Malakal – Some 30,000 internally displaced people have fled danger from years of communal violence to live at a United Nations’ Protection of Civilians (PoC) site here in South Sudan. But a daily danger still lurks, often from something virtually everyone who arrives here carries inside.
Human waste and its treatment are unavoidable subjects everywhere people gather. In places like Malakal—where men, women and children all face health care challenges under stressful conditions—waste management can be the difference between well-being and a raging contagion such as cholera.
Mishandled, human waste can be as lethal as bullets or bombs.
“It takes commitment, courage and determination to do this work,” says Sebit Michael, one of 27 locally recruited members of the Liquid Waste Management Team working for the International Organization for Migration (IOM) in Malakal.
The unit—also known as the Desludging Team—is responsible for emptying and maintaining more than 1,200 pit latrines in the PoC site, each in use dozens of times each day.
“When I started, my friends used to laugh at me, saying that I was doing a dirty job. Some even used to say that I smell,” says Sebit, who is 36 years old. “But the love I have for my community kept me going. I knew my job was saving lives. I tell my friends it is better to do this job than to go around stealing.”
This morning Sebit is pulling a heavy long pipe connected to the desludging tractor visiting one of the male pit latrines. Desludging starts with emptying the latrines into the tanks attached to the tractor and taking the contents for disposal in a waste stabilization pond about a mile and a half away.
IOM built the disposal ponds to have a combined volume of over 8,600 cubic meters. Each contains tons of sludge that the 30,000 inhabitants of the Malakal PoC site replenish daily. It takes almost an hour for Sebit and his team to pump out the sludge from one latrine site and remove the waste to the ponds, then return to the next latrine.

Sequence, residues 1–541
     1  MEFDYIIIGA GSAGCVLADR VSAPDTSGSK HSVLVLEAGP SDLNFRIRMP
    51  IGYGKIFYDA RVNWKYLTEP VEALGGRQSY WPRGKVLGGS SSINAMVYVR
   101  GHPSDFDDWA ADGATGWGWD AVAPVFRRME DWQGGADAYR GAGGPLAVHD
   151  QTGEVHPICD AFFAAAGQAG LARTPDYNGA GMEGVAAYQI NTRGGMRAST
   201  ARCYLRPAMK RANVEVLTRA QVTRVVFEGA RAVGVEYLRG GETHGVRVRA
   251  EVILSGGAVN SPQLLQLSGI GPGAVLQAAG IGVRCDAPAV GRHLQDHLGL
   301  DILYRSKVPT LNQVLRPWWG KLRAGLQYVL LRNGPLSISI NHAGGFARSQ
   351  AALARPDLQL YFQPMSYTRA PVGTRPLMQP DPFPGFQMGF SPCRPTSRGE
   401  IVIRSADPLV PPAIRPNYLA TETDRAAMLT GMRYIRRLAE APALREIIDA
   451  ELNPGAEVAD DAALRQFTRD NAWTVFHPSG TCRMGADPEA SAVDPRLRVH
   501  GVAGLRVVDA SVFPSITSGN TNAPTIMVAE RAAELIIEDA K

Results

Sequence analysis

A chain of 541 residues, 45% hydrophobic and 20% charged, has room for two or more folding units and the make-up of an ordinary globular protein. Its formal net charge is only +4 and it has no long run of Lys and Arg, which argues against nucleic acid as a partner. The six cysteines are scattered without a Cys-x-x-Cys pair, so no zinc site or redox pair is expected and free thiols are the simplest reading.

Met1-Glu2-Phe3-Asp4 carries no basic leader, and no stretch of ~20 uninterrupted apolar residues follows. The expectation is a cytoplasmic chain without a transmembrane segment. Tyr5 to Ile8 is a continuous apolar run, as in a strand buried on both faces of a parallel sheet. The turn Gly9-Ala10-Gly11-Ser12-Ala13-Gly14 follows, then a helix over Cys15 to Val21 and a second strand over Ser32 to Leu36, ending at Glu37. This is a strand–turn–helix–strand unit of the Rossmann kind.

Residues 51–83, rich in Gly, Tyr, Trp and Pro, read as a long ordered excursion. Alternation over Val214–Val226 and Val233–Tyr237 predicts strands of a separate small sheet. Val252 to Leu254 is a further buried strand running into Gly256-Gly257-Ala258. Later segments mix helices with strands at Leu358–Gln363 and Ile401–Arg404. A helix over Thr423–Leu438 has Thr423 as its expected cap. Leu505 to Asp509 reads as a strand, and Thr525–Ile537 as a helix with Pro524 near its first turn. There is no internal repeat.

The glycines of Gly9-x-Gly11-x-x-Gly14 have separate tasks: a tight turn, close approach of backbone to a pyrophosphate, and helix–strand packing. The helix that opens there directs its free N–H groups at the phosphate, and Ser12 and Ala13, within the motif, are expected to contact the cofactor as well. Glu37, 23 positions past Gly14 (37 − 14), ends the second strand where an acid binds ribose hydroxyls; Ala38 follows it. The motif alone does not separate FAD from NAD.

“This is not your everyday type of job. You cannot do this work if you do not have a strong heart and the love to keep your community safe,” says Sebit as he connects his pipe to another latrine. Wearing long gloves and a mask, he signals the desludging tractor’s driver to activate a generator. In this spot, it takes just ten minutes to empty the latrine.
“This work is very essential in keeping good sanitation within the PoC,” explains Onekalit James, IOM South Sudan’s Water, Sanitation and Hygiene (WASH) Assistant Engineer. “It is the very basis of our hygiene promotion activities. Without this work, there would be serious breakout of diseases due to poor hygiene.”
There are two deep ponds—also known as “anaerobic” ponds—where the waste breaks down, and one shallow, “facultative” pond, where IOM monitors chemical reactions and water temperature, and water stability and acidic measures are done. Drainage channels take the water away.
“Since their construction in 2015, the waste stabilization ponds have been effective in leading to the reduction of a number of disease outbreaks, especially in the PoC site,” adds IOM’s Onekalit James.
“We are lucky today; no non-biodegradable material inside the latrine, which is often the main challenge we get,” Sebit says matter-of-factly as he retracts his pipe. “Usually, I would have to the stop pumping the latrine to dig out the solid waste. That slows down our work.”
Heading towards a disposal pond, an unpleasant smell indicates we are getting close. Sebit quickly climbs down from the tractor and directs the driver to park the vehicle carefully so no waste spills out from the ponds.
Opening the lid of the tractor’s tank, Sebit again signals his driver. A power gear revs and a greenish substance starts to pour into the pond. Now the unpleasant smell grows even stronger. But Sebit waits patiently by the tank to ensure it is completely empty.
IOM South Sudan’s waste stabilization project under the WASH unit is supported by the United States Agency for International Development (USAID) Bureau for Humanitarian Assistance (USAID BHA), Foreign, Commonwealth and Development Office (FCDO) and European Civil Protection and Humanitarian Aid Operations (ECHO).
This article was written by Nabie Loyce, IOM South Sudan Media and Communications Assistant.